Revised on
12/08/17 05:39pm

Care and Use of Sheep

The Occupational Health Program is designed to inform individuals who work with animals about potential zoonoses (diseases of animals transmissible to humans), personal hygiene, and other potential hazards associated with animal exposure. This information sheet is directed toward those involved in the care and use of sheep.

Potential Injury and Zoonotic Diseases

Sheep are large domestic animals that are normally docile.  However, they can become dangerous especially when isolated from their flock.  Jumping is common in sheep and they can jump with enough force to break a handler’s legs.  Butting is another defensive activity of sheep, and the rule of handling is to never turn your back on the animal when in their pens. Ergonomic injuries such as back strain can occur from handling and restraining sheep due to their size and strength; therefore individuals with pre-existing back or joint problems may need assistance when working with sheep.

Zoonotic diseases, as with other farm animals, can be a hazard when working with sheep.  The following lists several of the diseases that are associated with the care and handling of sheep.   

Rabies:  Rabies virus (rhabdovirus) can infect almost any mammal. The source of infection to people is an infected animal.  The virus is shed in saliva 1-14 days before clinical symptoms develop. Any random-source (animal with an unknown clinical history) or wild animal exhibiting central nervous system signs that are progressive should be considered suspect for rabies. Transmission is through direct contact with saliva, mucus membranes, or blood, e.g. bite, or saliva on an open wound. The incubation period is from 2 to 8 weeks or even longer. Symptoms are pain at the site of the bite followed by numbness. The skin becomes quite sensitive to temperature changes and there are laryngeal spasms. Muscle spasms and extreme excitability are present and convulsions occur. Rabies in unvaccinated people is almost invariably fatal.  Rabies vaccine is available through UCD Occupational Health Services.

Q-Fever: An infection caused by the bacteria Coxiella burnetii, is most commonly associated with sheep, although goats, cattle, and other mammals can be sources of infection. Infected ruminants are usually asymptomatic. The bacteria is shed in the urine, feces, milk, and most importantly, birth products (placenta, amniotic fluid, blood and soiled bedding) of infected animals. Q-fever is spread by aerosolization of infected body fluids. Disease transmission can be reduced by careful disposal of birth products.  In most cases Q -fever is manifested by flu-like symptoms that usually resolve within 2 weeks and can be sometimes misdiagnosed as the flu. However, it can be severe in those with other health issues and can lead to pulmonary and cardiac complications. Respiratory protection should be used during the lambing process.  Employees can be screened for Q-Fever through Occupational Health Services.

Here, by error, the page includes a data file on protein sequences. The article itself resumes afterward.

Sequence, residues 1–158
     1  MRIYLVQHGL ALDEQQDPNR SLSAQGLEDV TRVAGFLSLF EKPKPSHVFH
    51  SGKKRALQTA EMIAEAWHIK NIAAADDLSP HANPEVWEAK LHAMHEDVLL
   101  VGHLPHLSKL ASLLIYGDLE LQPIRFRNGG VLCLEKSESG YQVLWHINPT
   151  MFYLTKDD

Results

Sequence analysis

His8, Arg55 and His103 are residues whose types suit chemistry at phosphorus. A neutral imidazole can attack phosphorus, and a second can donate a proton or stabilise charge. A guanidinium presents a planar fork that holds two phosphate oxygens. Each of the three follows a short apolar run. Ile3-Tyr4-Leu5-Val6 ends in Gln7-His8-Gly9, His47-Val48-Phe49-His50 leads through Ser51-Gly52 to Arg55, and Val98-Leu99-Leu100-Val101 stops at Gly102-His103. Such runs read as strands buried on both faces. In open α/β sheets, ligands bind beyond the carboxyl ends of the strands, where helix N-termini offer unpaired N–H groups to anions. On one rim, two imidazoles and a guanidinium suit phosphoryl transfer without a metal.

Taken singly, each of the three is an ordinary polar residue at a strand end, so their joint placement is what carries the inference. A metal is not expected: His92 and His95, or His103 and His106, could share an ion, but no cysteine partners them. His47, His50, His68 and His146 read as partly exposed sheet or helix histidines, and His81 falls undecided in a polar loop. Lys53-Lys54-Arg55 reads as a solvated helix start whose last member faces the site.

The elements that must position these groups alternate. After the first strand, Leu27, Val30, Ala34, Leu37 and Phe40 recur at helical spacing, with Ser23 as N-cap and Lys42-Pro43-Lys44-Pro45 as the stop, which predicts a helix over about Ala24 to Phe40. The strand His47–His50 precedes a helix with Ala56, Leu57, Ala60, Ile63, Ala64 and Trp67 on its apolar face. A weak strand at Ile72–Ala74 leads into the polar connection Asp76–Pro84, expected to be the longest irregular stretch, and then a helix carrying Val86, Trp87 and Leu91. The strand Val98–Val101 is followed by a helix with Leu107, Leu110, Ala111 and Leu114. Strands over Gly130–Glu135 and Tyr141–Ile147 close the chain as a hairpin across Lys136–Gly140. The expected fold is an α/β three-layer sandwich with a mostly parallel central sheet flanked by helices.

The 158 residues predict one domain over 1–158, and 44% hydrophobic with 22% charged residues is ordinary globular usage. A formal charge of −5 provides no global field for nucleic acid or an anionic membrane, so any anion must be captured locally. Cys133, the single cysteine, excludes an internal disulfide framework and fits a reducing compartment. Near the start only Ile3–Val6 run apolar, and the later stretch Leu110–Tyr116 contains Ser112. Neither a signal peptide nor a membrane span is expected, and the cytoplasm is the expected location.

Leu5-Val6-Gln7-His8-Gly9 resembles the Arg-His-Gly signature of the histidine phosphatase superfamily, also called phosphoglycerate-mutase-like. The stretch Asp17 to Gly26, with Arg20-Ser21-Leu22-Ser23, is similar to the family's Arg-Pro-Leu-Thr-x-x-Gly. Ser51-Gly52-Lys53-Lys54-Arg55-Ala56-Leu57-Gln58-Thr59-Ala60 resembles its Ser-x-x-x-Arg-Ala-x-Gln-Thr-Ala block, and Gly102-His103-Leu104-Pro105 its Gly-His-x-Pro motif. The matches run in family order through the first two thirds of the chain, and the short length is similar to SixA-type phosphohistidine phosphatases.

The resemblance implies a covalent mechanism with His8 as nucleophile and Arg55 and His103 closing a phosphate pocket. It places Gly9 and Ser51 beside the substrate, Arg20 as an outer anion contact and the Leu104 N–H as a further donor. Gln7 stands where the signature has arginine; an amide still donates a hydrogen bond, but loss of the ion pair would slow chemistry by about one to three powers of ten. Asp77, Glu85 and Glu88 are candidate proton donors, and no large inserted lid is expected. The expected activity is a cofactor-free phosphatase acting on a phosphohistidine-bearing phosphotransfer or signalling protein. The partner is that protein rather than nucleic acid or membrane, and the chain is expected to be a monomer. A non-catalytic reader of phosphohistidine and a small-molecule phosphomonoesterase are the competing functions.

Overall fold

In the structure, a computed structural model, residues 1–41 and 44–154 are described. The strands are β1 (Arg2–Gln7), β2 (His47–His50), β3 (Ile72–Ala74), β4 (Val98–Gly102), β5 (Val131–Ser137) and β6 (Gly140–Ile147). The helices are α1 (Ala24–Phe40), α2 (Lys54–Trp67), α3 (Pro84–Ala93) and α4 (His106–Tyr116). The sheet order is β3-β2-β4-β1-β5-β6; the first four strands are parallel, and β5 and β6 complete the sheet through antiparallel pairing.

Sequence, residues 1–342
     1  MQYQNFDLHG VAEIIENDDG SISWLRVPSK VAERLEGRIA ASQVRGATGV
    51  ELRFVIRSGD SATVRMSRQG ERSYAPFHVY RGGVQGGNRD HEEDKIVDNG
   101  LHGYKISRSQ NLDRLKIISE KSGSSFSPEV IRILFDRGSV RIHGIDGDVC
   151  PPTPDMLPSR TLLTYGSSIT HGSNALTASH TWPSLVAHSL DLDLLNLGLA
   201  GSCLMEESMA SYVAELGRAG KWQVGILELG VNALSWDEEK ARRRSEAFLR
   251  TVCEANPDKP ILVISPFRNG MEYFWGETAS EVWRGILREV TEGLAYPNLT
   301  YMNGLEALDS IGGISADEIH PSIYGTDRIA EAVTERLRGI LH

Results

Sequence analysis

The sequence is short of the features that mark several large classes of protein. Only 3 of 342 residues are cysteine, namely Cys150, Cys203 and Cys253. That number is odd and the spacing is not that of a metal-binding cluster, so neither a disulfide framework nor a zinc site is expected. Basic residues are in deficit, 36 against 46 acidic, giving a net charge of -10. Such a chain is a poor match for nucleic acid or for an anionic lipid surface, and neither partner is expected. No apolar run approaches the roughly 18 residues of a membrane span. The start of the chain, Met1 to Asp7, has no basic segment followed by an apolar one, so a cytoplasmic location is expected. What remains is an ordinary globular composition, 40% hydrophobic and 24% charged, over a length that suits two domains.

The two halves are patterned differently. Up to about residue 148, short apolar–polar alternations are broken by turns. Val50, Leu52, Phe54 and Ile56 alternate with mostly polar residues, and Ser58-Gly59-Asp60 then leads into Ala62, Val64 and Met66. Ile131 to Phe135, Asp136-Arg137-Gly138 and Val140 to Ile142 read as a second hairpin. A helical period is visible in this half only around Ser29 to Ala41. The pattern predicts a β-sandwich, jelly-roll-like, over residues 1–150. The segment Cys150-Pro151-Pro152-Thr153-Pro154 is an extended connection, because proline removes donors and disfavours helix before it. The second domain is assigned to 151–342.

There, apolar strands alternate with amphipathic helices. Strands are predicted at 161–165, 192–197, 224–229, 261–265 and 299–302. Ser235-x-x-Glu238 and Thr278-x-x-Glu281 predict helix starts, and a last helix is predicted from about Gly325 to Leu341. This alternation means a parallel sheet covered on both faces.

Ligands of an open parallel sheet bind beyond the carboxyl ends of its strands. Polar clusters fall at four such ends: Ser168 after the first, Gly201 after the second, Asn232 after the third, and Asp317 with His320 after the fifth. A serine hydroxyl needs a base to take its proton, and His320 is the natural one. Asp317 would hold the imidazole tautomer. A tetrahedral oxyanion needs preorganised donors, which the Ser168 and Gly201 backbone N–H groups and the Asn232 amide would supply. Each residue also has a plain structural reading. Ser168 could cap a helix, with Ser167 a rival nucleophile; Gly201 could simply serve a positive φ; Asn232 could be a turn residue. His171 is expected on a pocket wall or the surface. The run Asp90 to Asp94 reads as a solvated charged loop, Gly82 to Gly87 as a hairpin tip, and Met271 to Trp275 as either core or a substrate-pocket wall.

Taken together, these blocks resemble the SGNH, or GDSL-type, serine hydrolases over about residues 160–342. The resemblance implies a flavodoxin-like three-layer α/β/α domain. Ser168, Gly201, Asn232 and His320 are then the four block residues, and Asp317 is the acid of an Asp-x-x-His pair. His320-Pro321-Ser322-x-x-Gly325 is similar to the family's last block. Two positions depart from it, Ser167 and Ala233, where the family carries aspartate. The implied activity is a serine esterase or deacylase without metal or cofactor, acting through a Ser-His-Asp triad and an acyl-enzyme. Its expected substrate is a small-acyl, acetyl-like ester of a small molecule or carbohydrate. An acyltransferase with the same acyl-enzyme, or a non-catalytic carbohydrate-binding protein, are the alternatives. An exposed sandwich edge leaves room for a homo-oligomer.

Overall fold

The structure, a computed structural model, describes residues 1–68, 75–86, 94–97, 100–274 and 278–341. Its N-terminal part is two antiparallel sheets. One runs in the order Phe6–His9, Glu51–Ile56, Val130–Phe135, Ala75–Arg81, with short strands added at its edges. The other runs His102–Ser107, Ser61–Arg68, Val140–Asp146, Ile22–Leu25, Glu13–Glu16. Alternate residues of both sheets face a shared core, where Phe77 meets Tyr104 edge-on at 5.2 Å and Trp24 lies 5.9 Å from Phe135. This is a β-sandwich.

Contagious Echthyma: (Orf) This poxviral disease is known as contagious ecthyma or soremouth in sheep and goats, and orf in people. In ruminants, it is evidenced by exudative (oozing) lesions found on the muzzle, eyelids, oral cavity, feet or external genitalia. It is more common in younger animals. The disease in ruminants is contagious to humans and other animals. Infected sheep or goats are the source of infection to people.  Transmission can be by direct contact with lesions or indirectly by contaminated fomites (hair, clothing). No person to person contact has been reported. This is a self-limiting infection, which is usually found on the hands and consists of painful nodules (bumps) and cutaneous ulcerative lesions, and usually lasts 1-2 months. 

Other Diseases

There are other diseases that are associated with contact to sheep, such as brucellosis, campylobacteriosis, coccidiodomycosis, cryptosporidiosis, giardiasis and anthrax. Good personal hygiene and the wearing of the appropriate personal protection are effective measures for preventing illness.

ALLERGIES

Animal related allergies are common. Although there are no known sheep allergens, the sheep containment environment may have allergens present in hay and dust. Contact dermatitis can also occur when handling sheep wool.

How to Protect Yourself

  • Wash your hands. The single most effective preventative measure that can be taken is thorough, regular hand washing. Wash hands and arms after handling sheep. Never smoke, drink, or eat in the animal areas or before washing your hands.
  • Wear gloves. Wear the appropriate gloves for the task and wash your hands after removing gloves.
  • Wear respiratory protection. For some activities, respiratory protection should be worn.  Your supervisor should be your resource for this equipment.  If you wear a respirator, you must be fitted and tested for use through Occupational Health Services.
  •  Wear other protective clothing. Coveralls should be available and worn when working with sheep. Avoid wearing street clothes while working with animals.
  • Seek Medical Attention Promptly. If you are injured on the job, promptly report the accident to your supervisor, even if it seems relatively minor. Minor cuts and abrasions should be immediately cleansed with antibacterial soap. For more serious injuries or if there are any question, employees should report to Occupational Health Services.
  • Tell your physician you work with sheep. Whenever you are ill, even if you're not certain that the illness is work-related, always mention to your physician that you work with sheep. Many zoonotic diseases have flu-like symptoms and would not normally be suspected. Your physician needs this information to make an accurate diagnosis. Questions regarding personal human health should be answered by your physician.